Unlike electronics, where communications and supply chain practices and technologies are fairly mature, the PV industry is still in a rudimentary state, struggling with ill-timed capital spending (or its absence), over- and under-production, and nationalistic government efforts to create local jobs without considering the global supply picture. Electronics suffer the same afflictions, but to a lesser extent.
In electronics, the bulk of the inventory is typically held by upstream suppliers like semiconductor firms, even for products that flow through distributors and electronic manufacturing services (EMS) contractors. This adds cost to the semiconductor supplier, but has greatly reduced oversupply risks downstream and has helped control pricing from the supplier’s point of view.
A PV production facility (Source: SOEN)
Can PV learn from electronics?
Most inventory in the PV industry remains piled up in the later stages of its market flow and it can be argued that until uncertainty over changes to FITs is resolved and installer operations become more efficient, reducing the oversized inventory swings will be hard.
But an interesting trend from an inventory perspective is that, as more module companies move into system installer/developer/EPC roles, overal inventories should become easier to manage and the industry can look forward to more subdued swings.
Another trend that could emerge is that module manufacturing contractors — such as EMS — could help supply to match demand. EMS companies dislike being used in this way but are better placed to aggregate demand across their customers and smooth out industry-wide production levels.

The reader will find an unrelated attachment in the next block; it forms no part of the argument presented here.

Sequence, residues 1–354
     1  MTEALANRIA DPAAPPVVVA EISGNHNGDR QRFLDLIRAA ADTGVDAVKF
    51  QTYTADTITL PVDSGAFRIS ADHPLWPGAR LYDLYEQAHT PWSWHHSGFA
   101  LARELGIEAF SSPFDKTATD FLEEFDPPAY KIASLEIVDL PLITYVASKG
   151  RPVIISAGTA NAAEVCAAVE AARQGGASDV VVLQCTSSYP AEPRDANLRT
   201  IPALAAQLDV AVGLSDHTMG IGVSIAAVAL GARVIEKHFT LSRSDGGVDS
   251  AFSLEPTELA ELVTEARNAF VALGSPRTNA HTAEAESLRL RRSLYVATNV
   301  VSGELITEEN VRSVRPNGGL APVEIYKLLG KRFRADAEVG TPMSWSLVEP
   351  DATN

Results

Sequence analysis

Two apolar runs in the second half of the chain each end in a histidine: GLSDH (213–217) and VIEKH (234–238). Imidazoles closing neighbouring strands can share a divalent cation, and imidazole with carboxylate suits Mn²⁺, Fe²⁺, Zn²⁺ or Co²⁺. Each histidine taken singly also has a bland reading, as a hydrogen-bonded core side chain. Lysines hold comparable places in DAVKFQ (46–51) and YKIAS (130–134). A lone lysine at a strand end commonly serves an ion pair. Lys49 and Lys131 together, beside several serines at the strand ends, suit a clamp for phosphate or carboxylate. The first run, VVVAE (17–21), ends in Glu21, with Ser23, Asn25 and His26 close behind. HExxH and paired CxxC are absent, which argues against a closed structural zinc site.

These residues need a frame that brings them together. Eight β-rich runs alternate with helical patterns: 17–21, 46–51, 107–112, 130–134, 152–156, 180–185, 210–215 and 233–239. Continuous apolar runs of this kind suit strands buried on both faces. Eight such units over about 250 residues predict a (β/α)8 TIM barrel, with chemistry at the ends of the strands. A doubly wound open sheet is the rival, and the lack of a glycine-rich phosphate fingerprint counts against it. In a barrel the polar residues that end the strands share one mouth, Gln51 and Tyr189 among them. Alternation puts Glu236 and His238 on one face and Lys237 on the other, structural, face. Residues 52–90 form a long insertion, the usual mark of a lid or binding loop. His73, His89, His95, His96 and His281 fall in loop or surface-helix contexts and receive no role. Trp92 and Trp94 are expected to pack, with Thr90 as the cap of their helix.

The PV inverter market is set to grow by 98% in 2010 and PV inverters are on track to become one of the world’s highest volume ruggedized electronic systems with annual shipments of more than 10 million units and 32MW by 2013.
Revenues should also top $7.2 billion by then. PV inverter suppliers are straining to keep up with system installations this year as they roughly double. Consolidation is expected, we predict that the current 200 inverter companies worldwide will settle into 15 companies controlling 90% of the market by 2012.
PV cell printing (Source: SOEN)
Trying to escape the cost-per-watt treadmill
The average price per watt for inverters will be down by 13.5% this year, our analysis predicts. Considering the strong demand and catch up on supply, this may seem to contradict the laws of supply and demand.
But digging beneath the surface reveals a shift towards large inverters with a lower price per watt, as well as a challenge for inverter suppliers on the market’s expectation of price reductions.